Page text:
plotz

plotz

(plɒts)
vb
to set down abruptlyto faint, collapse, or explode

plotz

(plɒts)

v.i. Slang.
to collapse or faint, as from surprise, excitement, or exhaustion.
[1940–45, Amer.; < Yiddish platsn literally, to crack, split, burst < Middle High German blatzen, platzen]
References in periodicals archive ?
In 1872, he married Auguste Plotz and for two years they travelled through the Tyrol, Carinthia, Italy and Switzerland.
In attending to stage coach networks of the late-eighteenth and early-nineteenth centuries, Livesey, like both John Plotz and James Buzard, returns mobile locality to the shores of the United Kingdom.
Here I reflect on the complicities and potentialities of two Toronto-based arts interventions: Dig In and the Dirty Plotz cabaret.
The act of swaddling does carry a risk of the baby overheating if the caregiver uses multiple blankets that are too thick or uses thick fluffy fabric that creates excessive thermal insulation (van Gestel, L'Hoir, ten Berge, Johannes, Jansen, & Plotz, 2002).
The company's Christian Plotz, technical sales engineer, explained, "Our philosophy is to have a digitizer that also is able to be a DMM.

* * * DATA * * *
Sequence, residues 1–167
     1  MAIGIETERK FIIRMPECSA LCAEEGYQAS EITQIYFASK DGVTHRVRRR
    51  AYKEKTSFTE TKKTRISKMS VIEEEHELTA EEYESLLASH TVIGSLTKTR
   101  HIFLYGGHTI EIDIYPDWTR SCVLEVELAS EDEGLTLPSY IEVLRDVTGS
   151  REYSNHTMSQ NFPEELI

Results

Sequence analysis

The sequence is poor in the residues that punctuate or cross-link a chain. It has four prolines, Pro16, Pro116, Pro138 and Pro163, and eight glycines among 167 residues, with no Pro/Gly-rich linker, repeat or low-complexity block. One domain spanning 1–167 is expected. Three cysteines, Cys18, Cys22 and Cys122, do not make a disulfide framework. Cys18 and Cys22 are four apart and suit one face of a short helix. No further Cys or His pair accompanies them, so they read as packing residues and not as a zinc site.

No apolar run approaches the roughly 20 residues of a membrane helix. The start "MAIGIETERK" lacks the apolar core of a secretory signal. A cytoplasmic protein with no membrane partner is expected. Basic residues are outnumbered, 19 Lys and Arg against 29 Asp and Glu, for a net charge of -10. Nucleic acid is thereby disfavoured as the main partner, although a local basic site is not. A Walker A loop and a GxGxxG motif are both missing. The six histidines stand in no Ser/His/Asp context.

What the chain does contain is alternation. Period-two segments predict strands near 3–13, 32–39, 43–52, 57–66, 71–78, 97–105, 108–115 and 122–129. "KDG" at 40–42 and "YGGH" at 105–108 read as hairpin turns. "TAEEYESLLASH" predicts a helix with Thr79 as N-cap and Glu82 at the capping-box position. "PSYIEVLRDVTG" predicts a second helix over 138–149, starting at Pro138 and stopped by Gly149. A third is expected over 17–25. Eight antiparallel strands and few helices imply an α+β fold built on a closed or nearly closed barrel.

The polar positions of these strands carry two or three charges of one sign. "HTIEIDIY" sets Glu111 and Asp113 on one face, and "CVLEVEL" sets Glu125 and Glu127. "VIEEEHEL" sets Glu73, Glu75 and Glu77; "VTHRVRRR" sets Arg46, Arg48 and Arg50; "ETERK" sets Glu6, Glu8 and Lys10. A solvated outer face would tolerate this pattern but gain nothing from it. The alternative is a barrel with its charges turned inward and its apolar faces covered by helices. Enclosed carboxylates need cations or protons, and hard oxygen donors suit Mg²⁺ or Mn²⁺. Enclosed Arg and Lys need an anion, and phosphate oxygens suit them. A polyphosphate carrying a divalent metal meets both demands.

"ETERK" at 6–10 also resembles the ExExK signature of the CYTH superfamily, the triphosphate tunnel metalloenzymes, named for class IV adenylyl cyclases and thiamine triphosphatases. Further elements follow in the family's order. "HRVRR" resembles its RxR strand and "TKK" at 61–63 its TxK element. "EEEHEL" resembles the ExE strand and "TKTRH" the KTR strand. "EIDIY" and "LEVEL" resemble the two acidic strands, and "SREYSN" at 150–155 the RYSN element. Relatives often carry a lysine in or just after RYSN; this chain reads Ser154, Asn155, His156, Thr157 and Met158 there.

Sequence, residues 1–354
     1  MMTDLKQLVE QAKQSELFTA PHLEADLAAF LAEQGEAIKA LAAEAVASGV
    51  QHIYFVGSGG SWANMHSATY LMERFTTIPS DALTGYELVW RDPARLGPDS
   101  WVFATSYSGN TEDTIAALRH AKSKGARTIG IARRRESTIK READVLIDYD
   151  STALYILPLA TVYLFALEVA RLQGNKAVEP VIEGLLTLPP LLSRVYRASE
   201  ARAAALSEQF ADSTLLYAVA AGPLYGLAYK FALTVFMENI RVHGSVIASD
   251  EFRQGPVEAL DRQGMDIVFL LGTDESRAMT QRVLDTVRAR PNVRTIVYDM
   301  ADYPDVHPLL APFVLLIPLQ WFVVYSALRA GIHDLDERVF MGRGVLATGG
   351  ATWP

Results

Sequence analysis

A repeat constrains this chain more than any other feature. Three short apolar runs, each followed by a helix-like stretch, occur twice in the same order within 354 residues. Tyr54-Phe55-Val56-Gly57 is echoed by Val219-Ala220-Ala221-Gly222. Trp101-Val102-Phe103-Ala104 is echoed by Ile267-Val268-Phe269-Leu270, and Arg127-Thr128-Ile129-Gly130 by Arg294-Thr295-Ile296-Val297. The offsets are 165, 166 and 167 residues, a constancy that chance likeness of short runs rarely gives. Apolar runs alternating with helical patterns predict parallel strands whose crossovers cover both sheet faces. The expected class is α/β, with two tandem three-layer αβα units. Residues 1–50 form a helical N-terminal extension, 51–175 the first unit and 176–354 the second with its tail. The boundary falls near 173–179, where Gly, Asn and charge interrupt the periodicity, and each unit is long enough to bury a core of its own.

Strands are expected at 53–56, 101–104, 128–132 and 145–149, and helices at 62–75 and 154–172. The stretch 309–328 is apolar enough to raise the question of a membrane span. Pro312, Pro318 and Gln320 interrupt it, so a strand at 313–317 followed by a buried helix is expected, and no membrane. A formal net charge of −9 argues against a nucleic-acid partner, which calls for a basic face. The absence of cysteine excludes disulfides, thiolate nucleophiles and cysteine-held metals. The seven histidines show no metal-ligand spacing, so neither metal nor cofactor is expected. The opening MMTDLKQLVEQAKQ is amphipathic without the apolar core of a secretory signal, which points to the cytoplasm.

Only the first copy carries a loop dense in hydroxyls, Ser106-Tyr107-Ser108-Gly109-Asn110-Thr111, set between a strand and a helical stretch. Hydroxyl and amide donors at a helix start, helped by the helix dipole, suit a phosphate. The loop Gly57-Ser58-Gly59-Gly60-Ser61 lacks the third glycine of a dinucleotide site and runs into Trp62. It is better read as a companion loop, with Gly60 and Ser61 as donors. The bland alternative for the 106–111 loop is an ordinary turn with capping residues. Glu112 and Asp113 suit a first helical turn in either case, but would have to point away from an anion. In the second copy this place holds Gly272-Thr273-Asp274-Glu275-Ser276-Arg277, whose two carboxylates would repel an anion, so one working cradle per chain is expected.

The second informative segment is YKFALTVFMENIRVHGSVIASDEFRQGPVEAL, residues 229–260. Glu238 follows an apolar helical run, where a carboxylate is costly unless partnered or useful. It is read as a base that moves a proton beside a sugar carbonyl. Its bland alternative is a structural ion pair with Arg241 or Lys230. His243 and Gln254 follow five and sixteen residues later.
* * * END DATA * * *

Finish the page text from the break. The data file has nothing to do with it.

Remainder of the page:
Robert Plotz, has served Elektro-Thermit GmbH & Co KG, the largest arm of the Goldschmidt Thermit Group with headquarters in Halle (Saale), Germany since April 2015.
Jochen Plotz, linguista y traductor, se especializo en historia de la traduccion.
La subespecie acraea fue descrita brevemente por PLOTZ (1882) de Colombia pero sin localidad especifica de captura.
2) John Plotz points to this curious immateriality of material objects, in particular literary objects, when he briefly discusses the Bible as book-object.
Thee awl-whys sol praise, seize, here's, nose weave finely one uh whirled-premier, grayed-eh, tighten pries baste awn reel fax inn bettor, meteor, Whittier, finally-maid plotz witch plum purist soles.